Rory McIlroy’s ‘best shot of year’ caps brilliant start in Dubai

Rory McIlroy’s new trophy cabinet back home in Florida could need expanding sooner than he expected. He already needs to find space for the WGC-HSBC Champions trophy after winning in China last month and he’s maybe not finished yet this year when it comes to landing silverware.

Rory McIlroy plays a majestic second shot to within five feet of the par-5 18th hole on the way to an eagle finish in Dubai. Picture: Ross Kinnaird/Getty Images
Rory McIlroy plays a majestic second shot to within five feet of the par-5 18th hole on the way to an eagle finish in Dubai. Picture: Ross Kinnaird/Getty Images

After an opening eight-under-par 64 to sit one shot off the lead, held by Frenchman Mike Lorenzo-Vera, the 30-year-old is off and running in his bid to land the season-ending DP World Tour Championship in Dubai for the third time, following victories in 2012 and 2015.

McIlroy also put himself in the frame for the 2019 European Tour Shot of the Year after setting up a last-hole eagle-3 with a majestic 3-wood approach from 291 yards to five feet, having earlier carded seven birdies, including five in six holes in a brilliant burst on the front nine as he signed for his lowest score on the Greg Norman-designed course.

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“Honestly, it’s possibly the best shot I’ve hit all year,” said the world No 2, who is chasing a fifth title triumph of his campaign. “I had the equivalent of 272 to the front, 291 to the pin. I carry my 3-wood off the deck about 280, so it was right on the limit but, as soon as I hit it, I knew it was perfect. It was right out of the middle.”

It rekindled memories of two equally impressive blows he produced in the final round to win the 2016 Irish Open at The K Club, denying Russell Knox after following a birdie at the 16th with an eagle at the 18th to prevail by three shots after trailing the Scot by one with three holes to play.

“It’s up there,” admitted McIlroy in reply to being asked where this one ranked in his glittering career. “I hit a similar shot – a 3-wood on the eighth hole to make eagle – the first year I played at Doral in 2009. That was one of the best fairway wood shots I’ve hit and obviously people remember the two fairway wood shots I hit into the 16th and the 18th at the Irish Open. But, just from [a] sheer quality golf shots standpoint and just having to step up and button one, it’s up there.”

It was after returning from that successful trip to China that McIlroy discovered his wife, Erica, had arranged a nice surprise for him.

“We had just moved into our new house a couple of months ago but we still had not moved everything in and the trophy cabinet hadn’t been built,” revealed the Northern Irishman. “I got back from China, walked into our sort of games room and up on the wall were all the trophies and stuff. It’s a nice reminder sometimes. All that stuff had been in storage for a year and a half, so the first time I had seen the Claret Jug and US Open trophy and all that sort of stuff. It’s cool, but it’s also a great motivator to think, ‘you know, I’m still pretty early in my career and I’ve done quite a lot but I still want to do so much more’.”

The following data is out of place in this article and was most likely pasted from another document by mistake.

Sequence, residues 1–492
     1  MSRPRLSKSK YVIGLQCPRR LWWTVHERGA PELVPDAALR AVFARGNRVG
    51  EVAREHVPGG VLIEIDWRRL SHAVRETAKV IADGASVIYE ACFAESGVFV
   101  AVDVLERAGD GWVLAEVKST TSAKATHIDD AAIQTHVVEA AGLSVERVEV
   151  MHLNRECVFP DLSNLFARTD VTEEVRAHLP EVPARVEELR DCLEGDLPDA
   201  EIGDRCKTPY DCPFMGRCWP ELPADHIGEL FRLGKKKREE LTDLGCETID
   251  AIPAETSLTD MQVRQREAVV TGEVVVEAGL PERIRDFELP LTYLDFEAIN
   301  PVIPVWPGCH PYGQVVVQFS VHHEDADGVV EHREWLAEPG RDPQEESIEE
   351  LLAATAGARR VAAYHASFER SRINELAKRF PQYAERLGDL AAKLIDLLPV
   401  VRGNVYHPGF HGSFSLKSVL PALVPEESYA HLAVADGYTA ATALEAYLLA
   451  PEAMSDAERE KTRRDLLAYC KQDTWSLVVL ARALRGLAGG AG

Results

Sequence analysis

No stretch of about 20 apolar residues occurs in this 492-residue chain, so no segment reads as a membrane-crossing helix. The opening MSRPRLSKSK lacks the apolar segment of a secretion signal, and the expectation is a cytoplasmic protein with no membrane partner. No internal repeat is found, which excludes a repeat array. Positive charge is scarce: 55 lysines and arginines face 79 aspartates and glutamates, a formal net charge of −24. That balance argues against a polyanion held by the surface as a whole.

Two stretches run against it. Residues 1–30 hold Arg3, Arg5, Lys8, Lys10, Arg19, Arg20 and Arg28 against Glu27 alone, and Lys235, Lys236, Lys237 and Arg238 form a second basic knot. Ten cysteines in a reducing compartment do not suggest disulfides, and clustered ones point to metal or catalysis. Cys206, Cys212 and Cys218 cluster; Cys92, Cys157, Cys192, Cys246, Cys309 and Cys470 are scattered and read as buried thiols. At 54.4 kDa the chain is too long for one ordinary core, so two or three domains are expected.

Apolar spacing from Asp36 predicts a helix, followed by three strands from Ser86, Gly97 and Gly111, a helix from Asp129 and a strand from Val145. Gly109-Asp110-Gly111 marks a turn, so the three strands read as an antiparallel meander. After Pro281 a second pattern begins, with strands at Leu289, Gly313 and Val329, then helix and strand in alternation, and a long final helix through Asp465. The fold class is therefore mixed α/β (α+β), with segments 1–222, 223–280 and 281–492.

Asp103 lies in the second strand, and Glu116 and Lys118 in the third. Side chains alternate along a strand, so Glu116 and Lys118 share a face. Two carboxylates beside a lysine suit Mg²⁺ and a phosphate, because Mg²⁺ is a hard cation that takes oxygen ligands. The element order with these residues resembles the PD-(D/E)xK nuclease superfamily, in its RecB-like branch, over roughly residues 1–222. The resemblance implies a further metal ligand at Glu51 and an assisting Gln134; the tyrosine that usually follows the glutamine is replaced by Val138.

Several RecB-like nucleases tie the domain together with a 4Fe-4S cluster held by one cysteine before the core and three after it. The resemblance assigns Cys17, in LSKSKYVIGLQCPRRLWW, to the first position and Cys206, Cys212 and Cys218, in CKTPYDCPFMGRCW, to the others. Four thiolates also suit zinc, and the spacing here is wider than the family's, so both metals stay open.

Having bounced back brilliantly from the bitter disappointment of missing the cut in this year’s Open Championship at Royal Portrush, there’s no denying McIlroy has a real spring in his step at the moment.

“I’ve achieved a few goals that I had set myself after that,” he said of the Claret Jug event on home soil. “Obviously that was a difficult period and I needed to regroup and restart almost.

“But the golf that I’ve played since Portrush has been some of the best I’ve ever played. I’m sure my stroke average is 67-something. Sometimes these experiences can be a really good thing for you and a catalyst to being a bit more motivated or learning. I’ve tried to learn from every sort of setback that I’ve had, and I feel like I’ve done a good job with that, not just this year, but all the way throughout my career.”

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Despite feeling under the weather, Lorenzo-Vera equalled his lowest round of the season – it was sparked by an eagle at the par-5 second and also included four birdies to finish – to set the pace in the battle to land the biggest first prize in golf of £2.7 million. “Honestly I’m not the feeling well at all,” said 34-year-old, who has never won on the circuit. “I have no energy. I had a lung infection in South Africa and really just feel bad on top of that.”

After a 70, Austrian Bernd Wiesberger still tops the projected Race to Dubai rankings, but Spaniard Jon Rahm is lurking ominously in third spot after a 66 as he bids to be crowned as European No 1 for the first time. Tommy Fleetwood, another contender in that title battle, holed his second shot for an eagle at the first to set up a 67.

• Turkish Airlines fly daily to Dubai via Istanbul with golf clubs flying for free. Check out